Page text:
Ken Kalthoff, NBCDFW.com
The Dallas trash to treasure plan created a stink at city hall, mostly from council members representing residents who live near the landfill and from trash haulers upset about the plan.
A plan that could double truck traffic at a Dallas landfill worries the leader of nearby Paul Quinn College.
Dallas leaders say that new technology could soon make garbage so valuable that they want a new ordinance that would forbid trash from leaving city limits.
"This philosophy is truly a paradigm shift in how we’re looking at trash," Sanitation Director Mary Nix said. "We're now seeing that trash has value. It's no longer a nuisance."
City garbage trucks currently haul waste to the McCommas Bluff Landfill near Interstate 45 and Interstate 20, but private haulers that collect from apartments and businesses can take their cargo to other landfills outside the city limits.
The city was fine with the arrangement because less trash would extend the life of the landfill.
But Dallas currently recovers methane for profit from the landfill, and the new technology could use garbage as fuel for even more efficient conversion to energy.
"Now that we have a better use for it, we need to capture that back and start using it for the city’s benefit," Nix said.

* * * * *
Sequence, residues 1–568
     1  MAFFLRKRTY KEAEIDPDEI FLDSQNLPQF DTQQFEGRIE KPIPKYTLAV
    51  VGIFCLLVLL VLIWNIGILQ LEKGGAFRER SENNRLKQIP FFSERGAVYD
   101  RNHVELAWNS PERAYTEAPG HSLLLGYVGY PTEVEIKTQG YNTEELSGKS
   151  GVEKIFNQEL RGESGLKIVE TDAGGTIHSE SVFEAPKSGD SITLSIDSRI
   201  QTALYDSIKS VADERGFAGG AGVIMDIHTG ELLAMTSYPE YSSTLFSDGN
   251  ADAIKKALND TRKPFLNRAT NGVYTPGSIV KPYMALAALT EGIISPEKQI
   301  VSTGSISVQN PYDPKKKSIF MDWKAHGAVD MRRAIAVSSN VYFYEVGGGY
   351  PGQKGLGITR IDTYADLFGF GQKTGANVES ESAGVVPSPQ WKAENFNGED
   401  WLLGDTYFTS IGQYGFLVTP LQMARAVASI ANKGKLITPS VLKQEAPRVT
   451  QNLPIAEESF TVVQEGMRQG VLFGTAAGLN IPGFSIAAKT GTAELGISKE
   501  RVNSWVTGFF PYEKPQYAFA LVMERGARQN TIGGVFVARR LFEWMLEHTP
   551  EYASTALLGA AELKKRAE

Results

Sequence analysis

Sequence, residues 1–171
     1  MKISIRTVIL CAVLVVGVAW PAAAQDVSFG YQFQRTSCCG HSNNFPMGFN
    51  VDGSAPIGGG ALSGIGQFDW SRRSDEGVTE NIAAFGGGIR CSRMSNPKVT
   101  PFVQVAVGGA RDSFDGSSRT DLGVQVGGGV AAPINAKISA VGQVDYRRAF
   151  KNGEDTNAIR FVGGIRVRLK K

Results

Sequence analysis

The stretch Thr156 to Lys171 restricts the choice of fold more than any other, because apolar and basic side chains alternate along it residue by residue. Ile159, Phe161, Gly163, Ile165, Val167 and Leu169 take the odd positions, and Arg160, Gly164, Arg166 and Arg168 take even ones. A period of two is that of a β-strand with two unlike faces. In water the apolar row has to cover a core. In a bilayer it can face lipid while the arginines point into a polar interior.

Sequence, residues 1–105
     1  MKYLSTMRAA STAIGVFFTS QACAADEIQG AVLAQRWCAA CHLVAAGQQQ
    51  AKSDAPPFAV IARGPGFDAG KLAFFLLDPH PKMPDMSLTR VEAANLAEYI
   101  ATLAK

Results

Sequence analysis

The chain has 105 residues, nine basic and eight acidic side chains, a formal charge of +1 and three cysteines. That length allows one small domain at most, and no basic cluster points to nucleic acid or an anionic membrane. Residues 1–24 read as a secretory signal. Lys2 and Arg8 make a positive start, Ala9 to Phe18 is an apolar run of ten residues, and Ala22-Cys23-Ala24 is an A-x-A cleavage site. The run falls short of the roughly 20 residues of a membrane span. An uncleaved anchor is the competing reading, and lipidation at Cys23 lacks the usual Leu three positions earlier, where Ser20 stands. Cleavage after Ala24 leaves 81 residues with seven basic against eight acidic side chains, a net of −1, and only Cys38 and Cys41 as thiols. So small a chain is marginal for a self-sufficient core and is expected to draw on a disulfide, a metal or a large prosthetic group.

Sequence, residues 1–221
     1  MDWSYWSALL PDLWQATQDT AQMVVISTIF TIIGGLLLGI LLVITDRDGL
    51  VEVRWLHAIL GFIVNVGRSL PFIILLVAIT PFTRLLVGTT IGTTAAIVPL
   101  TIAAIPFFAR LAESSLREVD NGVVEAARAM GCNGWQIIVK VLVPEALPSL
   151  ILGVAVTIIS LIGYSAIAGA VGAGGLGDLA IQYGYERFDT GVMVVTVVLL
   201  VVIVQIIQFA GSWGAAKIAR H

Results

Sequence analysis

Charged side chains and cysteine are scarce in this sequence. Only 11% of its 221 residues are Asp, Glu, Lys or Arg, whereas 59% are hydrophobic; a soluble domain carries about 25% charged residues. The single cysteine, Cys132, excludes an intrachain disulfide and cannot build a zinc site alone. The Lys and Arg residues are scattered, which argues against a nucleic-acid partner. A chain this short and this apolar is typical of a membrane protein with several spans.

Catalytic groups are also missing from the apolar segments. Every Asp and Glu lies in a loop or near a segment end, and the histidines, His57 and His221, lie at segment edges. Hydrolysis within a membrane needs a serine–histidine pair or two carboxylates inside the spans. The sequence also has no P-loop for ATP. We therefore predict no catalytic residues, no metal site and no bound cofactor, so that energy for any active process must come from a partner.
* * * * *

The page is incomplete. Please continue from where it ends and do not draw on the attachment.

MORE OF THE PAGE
But Paul Quinn College vows to fight the "Trash to Treasure" program that is laid out in a briefing to the City Council scheduled for Wednesday.
"I'm incredibly offended by this," said Michael Sorrell, Paul Quinn president. "I think, yet again, it's another example, of the city not fully supporting this community."
The documents for Wednesday's briefing suggest an ordinance that would require all trash collected in Dallas to stay in Dallas and be delivered to the McCommas Bluff Landfill.
The city could earn an extra $18 million immediately in additional landfill fees from the private haulers, which is no small change as City Hall faces another budget crisis.
Paul Quinn College is pursuing a campus and neighborhood revitalization plan along nearby Simpson Stuart Road that involves removing old buildings and constructing new ones.
Sorrell said that doubling the trash truck traffic to the landfill would not help the college.
"No one wants to live close to a great big garbage dump," he said. "If they did, all the folks that are talking about doing it would put it in their neighborhood."
Nix said the extra traffic would be trucks that are already in the city now.
"The sad part is that they're leaving our city limits and having to go to landfills farther away when we have a perfectly good site right here," she said.
Wednesday’s briefing quotes the CEO of trash-hauling firm Waste Management as saying new technology could one day make trash so valuable that haulers would buy it from customers instead of customers paying haulers to take it away.
Dallas officials hope to adopt their new ordinance by next year.